KU PSO Vehicle (copy)

A KU Public Safety Office vehicle is stationed as KU students take their mandatory COVID-19 test ahead of the fall semester.

The University of Kansas will implement all of the recommendations of the Task Force of Community-Responsive Public Safety’s report, Chancellor Douglas Girod announced Monday.

The task force, which was formed following months of protests nationwide in response to the murder of George Floyd last summer and included 26 members, released a report last winter that included 12 specific recommendations.

The task force recommended improving KU’s response to behavioral health emergencies by shifting responsibility for such calls from KU’s public safety office to mental health professionals and integrating KU services with already existing initiatives by Douglas County’s government.

Girod expressed support for this recommendation, citing existing efforts by the City of Lawrence and Douglas County to create a "coordinated community response to mental health crises." Until that response is in place, KU’s public safety office will continue to train officers in crisis intervention and trauma-informed responses to respond to mental health crises. The announcement did not include a timeline of when the coordinated community response might be implemented.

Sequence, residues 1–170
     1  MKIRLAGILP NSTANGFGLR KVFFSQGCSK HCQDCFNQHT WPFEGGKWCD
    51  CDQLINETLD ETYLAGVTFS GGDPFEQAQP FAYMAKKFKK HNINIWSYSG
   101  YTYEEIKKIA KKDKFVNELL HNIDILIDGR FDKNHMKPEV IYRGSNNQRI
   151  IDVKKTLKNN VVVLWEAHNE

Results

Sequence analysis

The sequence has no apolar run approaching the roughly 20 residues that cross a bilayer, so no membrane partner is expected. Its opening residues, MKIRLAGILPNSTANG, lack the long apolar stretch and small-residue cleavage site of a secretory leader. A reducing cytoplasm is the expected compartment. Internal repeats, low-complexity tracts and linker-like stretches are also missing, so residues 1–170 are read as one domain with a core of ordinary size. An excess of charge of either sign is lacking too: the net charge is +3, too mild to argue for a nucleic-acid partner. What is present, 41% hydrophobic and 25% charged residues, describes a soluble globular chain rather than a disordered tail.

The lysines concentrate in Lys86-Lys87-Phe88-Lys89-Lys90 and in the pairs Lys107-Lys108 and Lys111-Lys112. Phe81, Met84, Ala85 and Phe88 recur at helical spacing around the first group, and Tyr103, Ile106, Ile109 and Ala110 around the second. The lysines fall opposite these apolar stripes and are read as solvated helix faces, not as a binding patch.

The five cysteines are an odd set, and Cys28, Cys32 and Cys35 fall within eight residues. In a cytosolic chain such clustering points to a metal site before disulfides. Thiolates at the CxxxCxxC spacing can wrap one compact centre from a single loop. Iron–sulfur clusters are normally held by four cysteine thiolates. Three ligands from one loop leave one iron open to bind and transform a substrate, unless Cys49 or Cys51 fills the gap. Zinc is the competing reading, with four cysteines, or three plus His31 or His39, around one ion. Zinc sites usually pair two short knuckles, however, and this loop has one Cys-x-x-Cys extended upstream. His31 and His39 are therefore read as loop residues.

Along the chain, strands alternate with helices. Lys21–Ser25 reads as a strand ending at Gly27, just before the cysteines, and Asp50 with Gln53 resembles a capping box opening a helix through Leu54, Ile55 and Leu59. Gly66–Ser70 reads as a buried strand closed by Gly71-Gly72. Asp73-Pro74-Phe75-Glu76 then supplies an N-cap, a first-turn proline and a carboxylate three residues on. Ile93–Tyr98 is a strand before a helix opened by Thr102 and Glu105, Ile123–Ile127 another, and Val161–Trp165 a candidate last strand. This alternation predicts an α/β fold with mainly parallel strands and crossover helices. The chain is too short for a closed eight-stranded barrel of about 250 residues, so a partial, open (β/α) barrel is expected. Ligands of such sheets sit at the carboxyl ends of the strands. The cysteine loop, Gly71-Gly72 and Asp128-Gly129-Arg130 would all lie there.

The task force’s report included recommendations for changes to the KU Public Safety Office’s policies, including updating their use of force policy.

The department’s policies have been updated, according to the announcement.

“The KUPSO Use of Force Policy has been revised to mirror the language of the National Consensus Policy on Use of Force,” the announcement said. “Notable differences from the Consensus Policy include a prohibition of warning shots and an expansion of the section on use-of-force reporting by officers who use force and by those who witness it.”

The task force presented recommendations on the oversight and advisory processes of KU’s public safety office, including the creation of a nine-member civilian oversight board, expanding access to the complaint process and training several officers as liaisons to groups in the KU community.

Girod expressed support for all three of these recommendations, and outlined the path ahead for the civilian oversight board.

“A critical factor of any oversight board is a clear statement of its purpose and mission,” the announcement said. “The Office of the Chancellor is committed to working on a clear statement of purpose and mission, as well as related details, during summer 2021 and having a board in place by the fall semester.”

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